Another factor affecting the reputation of this industry is the lack of support from universities. As of today, there are only four graduate Master’s degree cosmetic science programs established at universities in the United States, with one being a specialized online program, and undergraduate cosmetic science programs do not exist at all. As a result, it is difficult to recognize the achievements of the industry and its pursuits in the advancements of cosmetic science. The sparse demand for programs reflects the long-held misconception that cosmetic science is inferior to the traditional sciences; children and young adults are not informed and generally remain unaware of a potentially promising future in the field of cosmetic science.
Thus, it follows that one obvious way to improve the status of cosmetic science is the establishment of undergraduate programs at universities. Simply by exposing the exciting opportunities available in the field to young students, universities could encourage interest in cosmetic science and bring about an influx of promising new talent, as well as increasing the prominence of the field within academic circles. Although well-established scientists within the field may already have experience and education, in many instances they lack the creative imagination and simplicity that comes naturally to youth, who optimistically question the status quo.
Sometimes it is not the understanding of a scientific theory or law that may spark the development of a new product, rather, it is thinking about the impossible and reaching beyond those limitations that adults so often confine themselves to. Furthermore, having a presence on academic campuses would allow cosmetic scientists to occupy a forum in which they can exchange ideas and work with scientists from many of the “traditional” scientific disciplines. Because cosmetic science is interdisciplinary, many potential advances could be made through collaborations with experts in microbiology, physics, chemistry, bioengineering, etc., and as an added benefit, those experts may come to appreciate the complex technicalities of cosmetic science and learn to give it greater respect.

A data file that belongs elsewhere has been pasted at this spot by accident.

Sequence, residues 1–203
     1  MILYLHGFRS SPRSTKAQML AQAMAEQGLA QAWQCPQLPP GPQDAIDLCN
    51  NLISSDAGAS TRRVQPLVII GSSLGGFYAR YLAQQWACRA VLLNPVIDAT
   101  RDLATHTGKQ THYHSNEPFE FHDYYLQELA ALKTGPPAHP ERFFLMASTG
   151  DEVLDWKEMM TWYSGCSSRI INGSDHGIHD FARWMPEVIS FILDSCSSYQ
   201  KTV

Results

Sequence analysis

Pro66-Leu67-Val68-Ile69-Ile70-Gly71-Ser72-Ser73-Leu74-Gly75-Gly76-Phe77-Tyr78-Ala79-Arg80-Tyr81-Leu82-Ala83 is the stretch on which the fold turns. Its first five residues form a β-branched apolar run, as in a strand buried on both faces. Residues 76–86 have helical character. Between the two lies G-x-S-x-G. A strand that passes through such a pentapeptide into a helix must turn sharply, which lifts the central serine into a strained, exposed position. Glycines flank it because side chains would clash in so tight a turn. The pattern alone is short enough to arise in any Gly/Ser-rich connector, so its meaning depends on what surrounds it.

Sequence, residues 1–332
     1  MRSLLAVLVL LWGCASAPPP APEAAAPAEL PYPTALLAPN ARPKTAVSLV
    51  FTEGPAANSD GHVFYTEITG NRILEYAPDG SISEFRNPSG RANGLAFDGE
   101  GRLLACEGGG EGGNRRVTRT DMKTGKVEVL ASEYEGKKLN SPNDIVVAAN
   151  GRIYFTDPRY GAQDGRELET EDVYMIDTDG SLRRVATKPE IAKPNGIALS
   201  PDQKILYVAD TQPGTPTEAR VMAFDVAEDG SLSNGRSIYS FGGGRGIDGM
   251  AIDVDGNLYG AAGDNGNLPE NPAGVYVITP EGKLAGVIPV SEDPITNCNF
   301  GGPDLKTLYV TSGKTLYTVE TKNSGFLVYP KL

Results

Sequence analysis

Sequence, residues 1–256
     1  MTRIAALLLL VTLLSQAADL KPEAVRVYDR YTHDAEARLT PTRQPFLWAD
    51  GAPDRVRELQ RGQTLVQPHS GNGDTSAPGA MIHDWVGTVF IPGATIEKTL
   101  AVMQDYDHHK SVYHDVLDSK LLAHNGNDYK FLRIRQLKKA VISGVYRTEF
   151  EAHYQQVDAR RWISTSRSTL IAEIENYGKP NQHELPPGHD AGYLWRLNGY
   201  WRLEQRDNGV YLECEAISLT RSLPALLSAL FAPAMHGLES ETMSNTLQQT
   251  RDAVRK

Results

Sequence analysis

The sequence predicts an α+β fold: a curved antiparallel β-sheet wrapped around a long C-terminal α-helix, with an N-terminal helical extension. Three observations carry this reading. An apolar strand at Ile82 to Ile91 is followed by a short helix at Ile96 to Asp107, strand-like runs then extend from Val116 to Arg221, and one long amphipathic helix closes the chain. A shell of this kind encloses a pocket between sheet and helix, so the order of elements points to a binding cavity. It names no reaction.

Another change that would improve the image of cosmetic science is the implementation of proper regulation within the industry. There needs to be a standardized method to investigate and ensure the integrity of product claims marketed by end-user product companies. With the diminishing faith and credibility in the cosmetic industry, a restructuring must be instituted to regain the trust of the consumers. One way of accomplishing this would be for cosmetic companies to form a self-governing association (Personal Care Products Council) to promulgate rules and enforce sanctions for violations. Another way would be to go through the political process to get the government involved in passing and enforcing legislation aimed at consumer protection in cosmetic sales.
Purpose of cosmetic science
Ultimately, regardless of how the public views cosmetic science, it is fundamentally important that we believe in what we do as cosmetic scientists and know what our purpose is. The purpose of cosmetic science is not to market “perfection,” but to promote a better quality of life by enhancing one’s features, making both women and men feel more confident in their own skin and building self-assurance that can translate to success in other areas of their life. We should not view cosmetic science merely as “science” or “formulation” or “art”; it should be about the positive self-image created by its products, created by a fusion of both scientific and artistic elements with the overarching pursuit of beauty. This industry will continue to grow and flourish as long as the people that make up the industry continue to input their passion, dedication and creative innovation towards that purpose. Although cosmetic science may not be rated highly at this time, it has a potentially bright and promising future.